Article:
Thirty years ago today, America was a united country as Operation Desert Shield became Desert Storm. Commander-in-Chief President George H.W. Bush ordered the U.S. military along with allied forces to push Saddam Hussein’s Iraqui troops out of neighboring Kuwait. The mission, led by General Norman Schwarzkopf, was highly successful and Americans united over a stunning military victory.
Desert Storm - aka the Persian Gulf War - was not as controversial as the Iraq War under President Bush’s son, George W. Bush. Iraqui leader Saddam Hussein ordered his military to invade Kuwait. The invasion was a clear violation of the border with a sovereign nation and the decision to stop the aggression of the madman from Baghdad was popular.
The extraordinary thing about Desert Storm was that much of the war was covered live on the 24-hour news network CNN. For the first time, Americans watched missiles hit and explode near their targets. Reporters anchored the play-by-play accounts of the war as it happened. It was a time when most Americans were proud of how our military was being used and proud of witnessing the advanced assets of our modern-day military.
The original operation was designated Desert Shield when our troops and allied troops moved into position. But there was a specific moment when Desert Sheild became Desert Storm and at that moment live coverage of a war came to us through the media. I have a vivid memory of just getting on the Causeway to head home to the North Shore and listening to WWL Radio when it was announced that Desert Shield had become Desert Storm. It was exciting, but equally as eerie. It was getting dark and alone in my car as I began the trip across the lake I heard war happening live over the radio. When I got home, I immediately turned on CNN to watch what was happening.
CNN correspondents Bernard Shaw, John Holliman and Peter Arnett anchored coverage from their hotel room in downtown Baghdad, which was the target of U.S. and allied missiles. Never before had Americans and the world witnessed live coverage of a war anchored by reporters behind enemy lines.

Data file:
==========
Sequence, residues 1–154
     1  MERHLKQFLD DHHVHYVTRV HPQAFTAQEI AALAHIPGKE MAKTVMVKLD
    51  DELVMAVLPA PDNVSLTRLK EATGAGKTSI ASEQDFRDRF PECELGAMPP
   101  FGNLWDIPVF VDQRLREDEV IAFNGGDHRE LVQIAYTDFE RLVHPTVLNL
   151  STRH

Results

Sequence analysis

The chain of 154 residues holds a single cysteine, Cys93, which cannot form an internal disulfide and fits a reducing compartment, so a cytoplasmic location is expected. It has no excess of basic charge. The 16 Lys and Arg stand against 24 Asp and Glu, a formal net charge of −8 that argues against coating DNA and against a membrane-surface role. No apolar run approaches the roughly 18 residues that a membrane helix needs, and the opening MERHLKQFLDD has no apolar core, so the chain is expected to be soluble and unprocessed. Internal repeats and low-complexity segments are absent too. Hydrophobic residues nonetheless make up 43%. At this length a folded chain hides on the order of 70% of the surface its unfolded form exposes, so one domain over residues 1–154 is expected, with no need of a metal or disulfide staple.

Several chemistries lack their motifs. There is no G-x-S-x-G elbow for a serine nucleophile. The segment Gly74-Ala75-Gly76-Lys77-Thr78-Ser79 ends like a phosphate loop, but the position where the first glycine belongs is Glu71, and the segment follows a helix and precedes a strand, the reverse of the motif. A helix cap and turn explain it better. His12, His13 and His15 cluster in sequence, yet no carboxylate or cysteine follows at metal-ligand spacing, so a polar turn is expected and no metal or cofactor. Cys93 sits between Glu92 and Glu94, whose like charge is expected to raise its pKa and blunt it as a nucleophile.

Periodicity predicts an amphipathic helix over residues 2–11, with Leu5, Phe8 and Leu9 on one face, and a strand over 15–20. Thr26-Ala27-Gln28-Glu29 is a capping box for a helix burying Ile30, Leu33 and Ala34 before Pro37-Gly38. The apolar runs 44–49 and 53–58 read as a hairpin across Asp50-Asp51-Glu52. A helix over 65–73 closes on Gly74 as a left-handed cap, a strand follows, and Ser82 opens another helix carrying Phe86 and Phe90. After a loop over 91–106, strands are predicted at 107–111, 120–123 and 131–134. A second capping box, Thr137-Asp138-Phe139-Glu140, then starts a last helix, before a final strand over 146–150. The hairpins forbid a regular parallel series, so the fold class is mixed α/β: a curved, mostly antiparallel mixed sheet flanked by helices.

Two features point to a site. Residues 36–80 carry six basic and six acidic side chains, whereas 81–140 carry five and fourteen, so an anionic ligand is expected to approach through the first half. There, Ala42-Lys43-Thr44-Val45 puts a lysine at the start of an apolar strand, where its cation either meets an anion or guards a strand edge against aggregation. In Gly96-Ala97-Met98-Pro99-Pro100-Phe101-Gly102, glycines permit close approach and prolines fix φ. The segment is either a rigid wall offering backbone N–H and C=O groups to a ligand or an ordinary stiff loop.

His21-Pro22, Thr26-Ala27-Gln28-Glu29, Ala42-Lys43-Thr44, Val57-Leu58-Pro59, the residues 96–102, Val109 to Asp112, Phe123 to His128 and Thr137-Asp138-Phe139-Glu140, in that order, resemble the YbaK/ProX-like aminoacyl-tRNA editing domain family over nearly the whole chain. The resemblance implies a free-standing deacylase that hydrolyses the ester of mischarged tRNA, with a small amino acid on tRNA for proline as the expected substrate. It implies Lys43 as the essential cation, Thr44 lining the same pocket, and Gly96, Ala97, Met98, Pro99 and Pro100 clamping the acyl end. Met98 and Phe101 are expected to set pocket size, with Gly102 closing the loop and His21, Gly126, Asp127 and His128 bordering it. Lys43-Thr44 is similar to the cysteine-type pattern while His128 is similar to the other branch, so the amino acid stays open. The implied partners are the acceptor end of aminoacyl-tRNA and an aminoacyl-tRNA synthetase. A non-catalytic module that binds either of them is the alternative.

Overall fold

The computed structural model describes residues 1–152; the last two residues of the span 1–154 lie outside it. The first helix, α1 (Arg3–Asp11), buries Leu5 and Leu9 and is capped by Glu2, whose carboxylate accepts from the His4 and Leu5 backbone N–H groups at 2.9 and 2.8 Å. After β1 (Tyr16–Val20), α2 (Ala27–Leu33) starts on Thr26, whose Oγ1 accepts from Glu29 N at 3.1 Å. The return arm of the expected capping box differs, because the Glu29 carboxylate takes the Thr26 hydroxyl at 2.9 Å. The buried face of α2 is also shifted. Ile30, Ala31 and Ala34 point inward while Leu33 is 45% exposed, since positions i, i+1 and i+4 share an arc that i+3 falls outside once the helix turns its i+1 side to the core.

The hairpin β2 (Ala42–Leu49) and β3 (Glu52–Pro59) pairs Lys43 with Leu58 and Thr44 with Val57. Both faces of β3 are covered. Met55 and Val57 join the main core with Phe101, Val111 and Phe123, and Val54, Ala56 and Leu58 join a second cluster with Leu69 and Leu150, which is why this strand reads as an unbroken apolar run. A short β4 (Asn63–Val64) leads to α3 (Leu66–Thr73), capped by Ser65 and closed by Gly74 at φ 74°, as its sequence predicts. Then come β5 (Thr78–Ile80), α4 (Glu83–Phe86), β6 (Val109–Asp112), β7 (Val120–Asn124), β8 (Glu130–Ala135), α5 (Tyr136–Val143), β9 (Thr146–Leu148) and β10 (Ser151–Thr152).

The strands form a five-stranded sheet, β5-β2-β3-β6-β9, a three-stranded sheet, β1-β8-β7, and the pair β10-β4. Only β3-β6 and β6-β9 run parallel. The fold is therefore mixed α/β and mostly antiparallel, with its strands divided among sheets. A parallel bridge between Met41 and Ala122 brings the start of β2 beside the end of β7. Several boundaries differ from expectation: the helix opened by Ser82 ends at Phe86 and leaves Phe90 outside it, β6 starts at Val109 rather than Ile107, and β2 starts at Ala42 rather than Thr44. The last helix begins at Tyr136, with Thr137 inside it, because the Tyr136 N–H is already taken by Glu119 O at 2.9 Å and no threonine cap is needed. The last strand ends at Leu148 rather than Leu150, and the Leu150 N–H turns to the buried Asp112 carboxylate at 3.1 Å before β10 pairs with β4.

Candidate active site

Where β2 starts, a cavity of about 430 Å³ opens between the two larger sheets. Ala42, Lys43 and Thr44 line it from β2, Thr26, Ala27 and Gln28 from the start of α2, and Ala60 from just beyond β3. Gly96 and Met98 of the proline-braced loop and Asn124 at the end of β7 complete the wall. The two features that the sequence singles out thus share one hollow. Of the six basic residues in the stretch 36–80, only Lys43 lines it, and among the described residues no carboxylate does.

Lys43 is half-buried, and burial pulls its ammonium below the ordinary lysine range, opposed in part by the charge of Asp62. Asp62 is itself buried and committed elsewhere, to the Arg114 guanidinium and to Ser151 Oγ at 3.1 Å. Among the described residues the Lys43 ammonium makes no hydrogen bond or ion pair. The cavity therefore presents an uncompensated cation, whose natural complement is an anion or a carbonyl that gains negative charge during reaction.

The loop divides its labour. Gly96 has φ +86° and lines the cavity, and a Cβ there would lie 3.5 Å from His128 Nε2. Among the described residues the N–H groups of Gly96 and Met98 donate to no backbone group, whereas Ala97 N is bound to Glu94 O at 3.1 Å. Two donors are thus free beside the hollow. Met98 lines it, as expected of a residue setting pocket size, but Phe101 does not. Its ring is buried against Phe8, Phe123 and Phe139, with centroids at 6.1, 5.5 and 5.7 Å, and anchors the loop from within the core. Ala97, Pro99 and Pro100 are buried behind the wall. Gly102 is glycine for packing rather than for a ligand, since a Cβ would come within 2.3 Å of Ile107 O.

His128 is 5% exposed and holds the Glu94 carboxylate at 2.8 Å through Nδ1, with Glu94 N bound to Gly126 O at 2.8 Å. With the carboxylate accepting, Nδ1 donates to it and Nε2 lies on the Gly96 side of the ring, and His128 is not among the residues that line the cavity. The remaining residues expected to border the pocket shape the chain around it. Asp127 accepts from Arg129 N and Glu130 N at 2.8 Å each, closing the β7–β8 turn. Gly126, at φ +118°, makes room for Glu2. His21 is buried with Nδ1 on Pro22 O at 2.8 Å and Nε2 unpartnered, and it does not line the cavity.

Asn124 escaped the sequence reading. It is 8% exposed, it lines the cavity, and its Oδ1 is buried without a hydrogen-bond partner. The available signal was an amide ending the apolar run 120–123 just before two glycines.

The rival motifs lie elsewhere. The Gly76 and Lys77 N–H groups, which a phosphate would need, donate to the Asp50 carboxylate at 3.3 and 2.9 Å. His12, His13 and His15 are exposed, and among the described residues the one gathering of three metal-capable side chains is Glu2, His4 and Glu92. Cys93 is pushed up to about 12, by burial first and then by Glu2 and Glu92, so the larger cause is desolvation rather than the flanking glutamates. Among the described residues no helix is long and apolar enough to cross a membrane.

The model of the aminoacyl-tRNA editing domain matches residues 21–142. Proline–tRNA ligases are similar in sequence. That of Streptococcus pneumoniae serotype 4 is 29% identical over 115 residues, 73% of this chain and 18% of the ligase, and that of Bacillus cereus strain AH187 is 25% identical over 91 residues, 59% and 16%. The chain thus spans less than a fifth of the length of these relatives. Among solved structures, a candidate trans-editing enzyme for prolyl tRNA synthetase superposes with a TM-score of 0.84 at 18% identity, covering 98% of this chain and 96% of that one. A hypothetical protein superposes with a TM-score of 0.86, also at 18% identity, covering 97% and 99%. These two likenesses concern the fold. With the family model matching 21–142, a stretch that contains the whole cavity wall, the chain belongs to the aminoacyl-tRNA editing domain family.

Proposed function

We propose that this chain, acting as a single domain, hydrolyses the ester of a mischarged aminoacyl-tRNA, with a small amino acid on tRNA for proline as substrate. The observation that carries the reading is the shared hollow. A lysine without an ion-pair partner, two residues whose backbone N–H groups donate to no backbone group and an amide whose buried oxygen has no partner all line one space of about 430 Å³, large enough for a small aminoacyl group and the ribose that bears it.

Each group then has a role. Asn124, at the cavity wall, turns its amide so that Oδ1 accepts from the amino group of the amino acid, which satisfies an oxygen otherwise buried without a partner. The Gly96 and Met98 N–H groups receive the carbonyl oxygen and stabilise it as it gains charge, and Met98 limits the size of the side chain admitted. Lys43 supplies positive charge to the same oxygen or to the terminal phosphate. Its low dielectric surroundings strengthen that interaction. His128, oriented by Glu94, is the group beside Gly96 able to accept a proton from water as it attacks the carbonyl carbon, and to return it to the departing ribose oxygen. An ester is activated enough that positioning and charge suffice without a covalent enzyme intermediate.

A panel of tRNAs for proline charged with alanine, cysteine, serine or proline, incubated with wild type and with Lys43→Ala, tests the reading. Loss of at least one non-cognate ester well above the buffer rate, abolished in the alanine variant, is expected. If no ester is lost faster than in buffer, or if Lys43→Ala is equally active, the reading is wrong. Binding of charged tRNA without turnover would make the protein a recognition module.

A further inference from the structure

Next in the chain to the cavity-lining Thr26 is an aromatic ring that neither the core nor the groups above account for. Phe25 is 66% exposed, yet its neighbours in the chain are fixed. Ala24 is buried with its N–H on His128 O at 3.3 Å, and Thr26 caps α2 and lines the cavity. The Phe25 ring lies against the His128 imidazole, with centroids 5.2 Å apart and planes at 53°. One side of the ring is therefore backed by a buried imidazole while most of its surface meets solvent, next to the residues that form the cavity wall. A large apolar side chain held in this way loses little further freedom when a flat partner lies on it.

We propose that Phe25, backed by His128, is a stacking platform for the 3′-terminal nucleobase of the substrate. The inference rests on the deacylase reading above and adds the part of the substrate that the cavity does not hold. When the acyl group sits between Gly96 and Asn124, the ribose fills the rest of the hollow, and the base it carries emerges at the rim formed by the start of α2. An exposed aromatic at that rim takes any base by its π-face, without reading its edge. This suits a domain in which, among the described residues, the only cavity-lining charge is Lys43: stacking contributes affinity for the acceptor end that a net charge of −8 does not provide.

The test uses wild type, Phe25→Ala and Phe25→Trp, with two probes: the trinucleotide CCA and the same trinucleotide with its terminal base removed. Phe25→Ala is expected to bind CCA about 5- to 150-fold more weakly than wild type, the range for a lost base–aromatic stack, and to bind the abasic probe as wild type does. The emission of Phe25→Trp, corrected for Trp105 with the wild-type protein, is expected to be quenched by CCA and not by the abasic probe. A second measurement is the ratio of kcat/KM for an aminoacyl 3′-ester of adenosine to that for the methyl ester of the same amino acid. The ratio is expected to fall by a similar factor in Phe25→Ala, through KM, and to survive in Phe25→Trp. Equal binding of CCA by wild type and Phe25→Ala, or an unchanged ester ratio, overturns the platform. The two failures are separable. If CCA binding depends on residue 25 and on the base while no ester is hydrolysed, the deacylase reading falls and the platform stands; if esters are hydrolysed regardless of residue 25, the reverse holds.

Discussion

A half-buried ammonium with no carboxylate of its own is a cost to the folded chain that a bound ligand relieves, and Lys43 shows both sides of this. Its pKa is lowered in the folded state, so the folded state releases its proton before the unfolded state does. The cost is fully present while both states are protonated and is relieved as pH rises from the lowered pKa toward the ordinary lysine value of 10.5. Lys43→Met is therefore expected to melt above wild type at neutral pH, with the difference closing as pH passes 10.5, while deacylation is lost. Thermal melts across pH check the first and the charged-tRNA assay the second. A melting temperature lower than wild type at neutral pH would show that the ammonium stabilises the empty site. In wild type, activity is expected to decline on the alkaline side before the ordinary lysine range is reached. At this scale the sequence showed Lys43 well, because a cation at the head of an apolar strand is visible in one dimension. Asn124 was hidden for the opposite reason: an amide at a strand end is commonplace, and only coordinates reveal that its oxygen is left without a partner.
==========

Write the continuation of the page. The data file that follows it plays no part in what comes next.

ABC, CBS and NBC reporters became celebrities along with the reporters from CNN. There was no battle between cable news networks because FOX News and MSNBC did not launch until 1996. One attractive NBC reporter in the theater of war became a sex symbol with a nickname.
Reporter Arthur Kent with NBC was a witness to many of the Scud missile attacks that Iraq used to defend itself against the superior military power of the United States. A Scud missile was a ballistic missile the Iraqi miliary possessed that was updated by the Russians for longer range targets. Scuds were hitting everywhere and Arthur Kent, an attractive reporter who started receiving bags of mail from women who were interested in him, earned the nickname “The Scud Stud.” NBC attributed a ratings increase to “The Scud Stud.”
Coverage of Desert Storm became a form of entertainment every night for American viewers and that led to criticism from a few professors who argued that the live coverage of the war sanitized the idea of war and turned the coverage into more of a drama than the documenting of a war.
Since the goal of the news is to attract the largest possible audience it should not be surprising that the news is governed by many of the same principles as other forms of entertainment. If the news does not have a compelling element then people will not watch.
The news coverage of Desert Storm was mindful of the need to attract and hold the attention of an audience, but that did not mean the coverage was not accurate. Obviously, there were tragic aspects of the war that were not part of the live coverage.
But let’s look back to 30 years ago when America was much more united than it is today. There was no ratings battle between right-leaning and left-leaning cable news networks.
As we get ready to witness what we hope is a peaceful transfer of power to the Biden Administration, let’s look for reasons to focus on what we share rather than the political tribalism that has us so deeply divided.